Breaking news: cheese, yes cheese may reduce diabetes risk. A new study demonstrates that the fat in dairy foods – which is mostly saturated – can reduce the risk of diabetes. Its findings challenge the U.S. government’s current “Dietary Guidelines for Americans.”
The American Heart Association published the study online a few days ago before printing it in a forthcoming issue of the association’s peer-reviewed journal Circulation. While only the abstract is free online, a representative of the lead author, Dariush Mozaffarian, M.D., the dean of Tufts University’s School of Nutrition Science, sent me the full text, which I carefully studied. The seven other researchers are professors at Harvard and Tufts Universities, including two of the best known and widely published nutritionists in the country, Walter Willett, M.D. and Frank Hu, M.D.
This research is based on the Nurses’ Health Study, the world’s largest and longest running health study, and the Health Professionals Follow-Up Study, the largest detailed long-term study of men’s health. These studies, which began in 1976 and 1986 respectively, included 3,333 adult Americans who didn’t have diabetes in the early 1990s. When researchers followed up 15 years later, 277 of them had been diagnosed with diabetes.
What’s the difference?
The researchers studied the differences between the people who had developed diabetes and those who didn’t. After making all sorts of adjustments for things like demographics, metabolic risk factors, lifestyle, diet, and other circulating fatty acids, they discovered that of the 3,333 people, those who had higher levels of three different byproducts of full-fat dairy in their blood had a 45 to 50 percent lower risk of diabetes than the people who had less of these products. This was a “substantially lower risk of diabetes,” the study concluded.
“These findings suggest that we need to change the policy of recommending only low-fat dairy products,” Dr. Mozaffarian says. “There is no prospective human evidence that people who eat low-fat dairy do better than people who eat whole-fat dairy. We need to stop recommending what to eat “based on theories about one nutrient in food.”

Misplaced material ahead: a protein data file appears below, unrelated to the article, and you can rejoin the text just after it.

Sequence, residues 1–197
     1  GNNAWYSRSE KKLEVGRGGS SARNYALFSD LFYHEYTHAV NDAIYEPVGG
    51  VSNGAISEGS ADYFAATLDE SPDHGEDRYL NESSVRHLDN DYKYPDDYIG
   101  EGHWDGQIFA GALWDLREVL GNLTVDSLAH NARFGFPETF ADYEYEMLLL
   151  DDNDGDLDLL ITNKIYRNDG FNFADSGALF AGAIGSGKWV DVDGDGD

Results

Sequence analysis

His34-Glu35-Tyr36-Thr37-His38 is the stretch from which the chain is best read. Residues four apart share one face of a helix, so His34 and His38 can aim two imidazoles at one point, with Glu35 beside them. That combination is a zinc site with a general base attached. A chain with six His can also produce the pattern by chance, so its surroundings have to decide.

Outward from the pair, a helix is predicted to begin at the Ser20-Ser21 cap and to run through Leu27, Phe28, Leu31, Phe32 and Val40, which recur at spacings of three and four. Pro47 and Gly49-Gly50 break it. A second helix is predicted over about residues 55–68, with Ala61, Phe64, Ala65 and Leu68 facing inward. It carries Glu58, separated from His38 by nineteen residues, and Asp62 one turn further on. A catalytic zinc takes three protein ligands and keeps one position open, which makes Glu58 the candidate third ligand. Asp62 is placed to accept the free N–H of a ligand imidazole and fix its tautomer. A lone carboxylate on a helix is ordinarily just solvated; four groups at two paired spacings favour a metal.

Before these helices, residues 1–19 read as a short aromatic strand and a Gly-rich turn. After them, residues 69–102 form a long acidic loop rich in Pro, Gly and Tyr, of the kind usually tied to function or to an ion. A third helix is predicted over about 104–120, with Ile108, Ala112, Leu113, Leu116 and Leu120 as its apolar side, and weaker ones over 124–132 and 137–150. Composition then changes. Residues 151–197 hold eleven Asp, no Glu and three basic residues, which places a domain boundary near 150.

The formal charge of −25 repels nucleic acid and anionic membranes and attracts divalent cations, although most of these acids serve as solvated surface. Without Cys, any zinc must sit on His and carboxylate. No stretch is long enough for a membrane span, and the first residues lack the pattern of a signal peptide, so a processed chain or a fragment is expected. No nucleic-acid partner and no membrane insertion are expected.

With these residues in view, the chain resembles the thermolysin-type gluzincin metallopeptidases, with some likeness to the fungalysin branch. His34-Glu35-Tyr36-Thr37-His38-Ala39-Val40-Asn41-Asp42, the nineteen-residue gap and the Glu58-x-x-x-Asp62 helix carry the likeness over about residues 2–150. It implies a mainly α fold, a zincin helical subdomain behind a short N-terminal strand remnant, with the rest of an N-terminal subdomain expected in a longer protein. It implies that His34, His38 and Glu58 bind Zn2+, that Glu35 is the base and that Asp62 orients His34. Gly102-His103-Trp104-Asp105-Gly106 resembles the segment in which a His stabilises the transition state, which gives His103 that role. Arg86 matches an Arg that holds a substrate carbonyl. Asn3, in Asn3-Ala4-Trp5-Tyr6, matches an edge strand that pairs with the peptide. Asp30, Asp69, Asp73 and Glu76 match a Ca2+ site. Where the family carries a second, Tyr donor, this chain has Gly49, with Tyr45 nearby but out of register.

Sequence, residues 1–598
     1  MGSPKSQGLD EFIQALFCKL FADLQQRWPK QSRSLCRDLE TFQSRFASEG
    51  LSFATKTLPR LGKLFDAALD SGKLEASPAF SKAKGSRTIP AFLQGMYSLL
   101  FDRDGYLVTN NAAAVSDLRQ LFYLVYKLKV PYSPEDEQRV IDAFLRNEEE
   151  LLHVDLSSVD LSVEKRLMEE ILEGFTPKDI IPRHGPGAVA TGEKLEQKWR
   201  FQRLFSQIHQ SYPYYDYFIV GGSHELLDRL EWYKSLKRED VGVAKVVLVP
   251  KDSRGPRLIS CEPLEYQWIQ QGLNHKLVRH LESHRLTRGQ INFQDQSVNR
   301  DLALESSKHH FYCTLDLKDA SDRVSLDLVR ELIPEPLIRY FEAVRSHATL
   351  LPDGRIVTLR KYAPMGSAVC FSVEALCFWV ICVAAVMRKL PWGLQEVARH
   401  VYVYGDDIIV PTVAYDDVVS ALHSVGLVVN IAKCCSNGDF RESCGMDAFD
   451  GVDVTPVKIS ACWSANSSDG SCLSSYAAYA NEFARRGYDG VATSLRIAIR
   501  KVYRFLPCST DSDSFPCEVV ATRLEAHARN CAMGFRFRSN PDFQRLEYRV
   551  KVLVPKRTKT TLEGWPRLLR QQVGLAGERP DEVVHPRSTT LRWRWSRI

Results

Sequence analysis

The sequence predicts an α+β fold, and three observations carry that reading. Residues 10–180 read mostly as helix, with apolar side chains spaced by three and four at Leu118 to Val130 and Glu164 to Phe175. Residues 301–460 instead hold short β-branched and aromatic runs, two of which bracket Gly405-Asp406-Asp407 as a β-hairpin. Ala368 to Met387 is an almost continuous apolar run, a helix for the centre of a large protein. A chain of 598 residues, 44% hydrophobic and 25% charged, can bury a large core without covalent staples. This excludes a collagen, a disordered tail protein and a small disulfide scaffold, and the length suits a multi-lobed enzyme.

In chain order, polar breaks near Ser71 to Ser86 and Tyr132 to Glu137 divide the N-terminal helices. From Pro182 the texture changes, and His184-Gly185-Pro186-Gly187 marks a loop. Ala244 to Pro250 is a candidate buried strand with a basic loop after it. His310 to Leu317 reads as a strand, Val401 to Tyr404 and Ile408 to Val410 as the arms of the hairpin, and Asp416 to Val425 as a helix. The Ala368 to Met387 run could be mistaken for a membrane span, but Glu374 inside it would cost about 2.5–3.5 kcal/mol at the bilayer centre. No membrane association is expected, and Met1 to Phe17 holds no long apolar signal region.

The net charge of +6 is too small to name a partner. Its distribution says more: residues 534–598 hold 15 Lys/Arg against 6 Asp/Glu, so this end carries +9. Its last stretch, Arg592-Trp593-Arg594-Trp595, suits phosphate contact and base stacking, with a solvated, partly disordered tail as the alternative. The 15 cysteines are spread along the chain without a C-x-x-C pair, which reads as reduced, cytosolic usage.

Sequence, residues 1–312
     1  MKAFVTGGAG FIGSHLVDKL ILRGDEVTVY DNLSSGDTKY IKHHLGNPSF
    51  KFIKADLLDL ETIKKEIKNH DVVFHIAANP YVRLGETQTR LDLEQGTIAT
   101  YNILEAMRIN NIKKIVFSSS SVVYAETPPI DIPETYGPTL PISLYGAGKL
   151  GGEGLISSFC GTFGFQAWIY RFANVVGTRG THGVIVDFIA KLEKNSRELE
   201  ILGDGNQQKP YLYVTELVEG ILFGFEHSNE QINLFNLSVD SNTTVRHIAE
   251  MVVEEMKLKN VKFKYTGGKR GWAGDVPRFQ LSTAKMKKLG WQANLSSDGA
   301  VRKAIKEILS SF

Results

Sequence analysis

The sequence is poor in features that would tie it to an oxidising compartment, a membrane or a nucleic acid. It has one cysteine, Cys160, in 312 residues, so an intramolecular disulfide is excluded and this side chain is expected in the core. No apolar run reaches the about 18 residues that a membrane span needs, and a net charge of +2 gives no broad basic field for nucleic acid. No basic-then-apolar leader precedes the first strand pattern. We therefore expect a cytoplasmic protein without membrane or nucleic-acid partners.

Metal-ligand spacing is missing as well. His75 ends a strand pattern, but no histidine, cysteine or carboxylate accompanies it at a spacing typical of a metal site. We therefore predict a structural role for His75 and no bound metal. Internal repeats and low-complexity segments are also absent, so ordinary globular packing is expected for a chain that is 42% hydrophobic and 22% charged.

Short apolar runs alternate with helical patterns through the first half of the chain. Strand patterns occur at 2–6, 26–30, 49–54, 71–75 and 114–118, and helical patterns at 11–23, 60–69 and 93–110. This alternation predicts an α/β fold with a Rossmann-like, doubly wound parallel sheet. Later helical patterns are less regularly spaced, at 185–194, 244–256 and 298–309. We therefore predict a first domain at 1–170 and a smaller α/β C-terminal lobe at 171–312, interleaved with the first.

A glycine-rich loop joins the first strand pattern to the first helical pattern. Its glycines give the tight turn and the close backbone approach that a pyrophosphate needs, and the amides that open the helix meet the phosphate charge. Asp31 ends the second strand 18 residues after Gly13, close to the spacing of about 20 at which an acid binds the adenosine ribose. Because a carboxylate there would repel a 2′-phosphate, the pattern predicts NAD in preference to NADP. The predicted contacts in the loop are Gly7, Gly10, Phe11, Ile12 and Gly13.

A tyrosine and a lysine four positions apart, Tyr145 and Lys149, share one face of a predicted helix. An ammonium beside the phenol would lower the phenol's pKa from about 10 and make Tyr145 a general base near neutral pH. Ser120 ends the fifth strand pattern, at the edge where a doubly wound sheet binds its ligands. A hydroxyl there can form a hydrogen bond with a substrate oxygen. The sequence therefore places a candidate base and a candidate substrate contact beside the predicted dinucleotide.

Dr. Mozaffarian is specifically talking about the Dietary Guidelines for Americans, which have dietary recommendations for dairy foods that have been based on predicted health effects of isolated individual nutrients, such as for bone health and heart disease. The guidelines recommend that we eat low-fat dairy products and minimize whole-fat dairy.
The basis of the guidelines
The Dietary Guidelines Advisory Committee based its scientific report about saturated fat on eight studies. The committee reviewed these studies that were published between January 2009 and August 2014 in English and in peer-reviewed journals.
The studies included both randomized controlled trials, which are generally considered to be the “gold standard” of clinical research, and prospective cohort studies. Most, but not all of these eight studies support the Dietary Guidelines recommendation that Americans in general should limit the amount of saturated fat that we eat to no more than 10 percent of our calories.
The new study, like most, but not all, of the studies on which the Dietary Guidelines are based, is a prospective cohort study rather than a randomized one. The trouble with studies of this sort is always that another factor that the researchers didn’t take into account could be the cause. But “consistency of findings across sensitivity analyses argue against residual confounding as the sole explanation for our findings,” the new study states.
Because this new study shows that when we eat dairy foods that are high in saturated fat we have less risk of developing diabetes, it warrants special consideration for all of us who have pre-diabetes and diabetes. Unlike the Dietary Guidelines that provide generalized advice, this study can help us to overcome an unwarranted fear of fat.
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David Mendosa is a journalist who learned in 1994 that he has type 2 diabetes, which he now writes about exclusively. He has written thousands of diabetes articles, two books about it, created one of the first diabetes websites, and publishes the month newsletter, “Diabetes Update.” His very low carbohydrate diet, current A1C level of 5.3, and BMI of 19.8 keeps his diabetes in remission without any drugs.
David Mendosa was a journalist who learned in 1994 that he had type 2 diabetes, which he wrote about exclusively. He died in May 2017 after a short illness unrelated to diabetes. He wrote thousands of diabetes articles, two books about it, created one of the first diabetes websites, and published a monthly newsletter, “Diabetes Update.” His very low-carbohydrate diet, A1C level of 5.3, and BMI of 19.8 kept his diabetes in remission without any drugs until his death.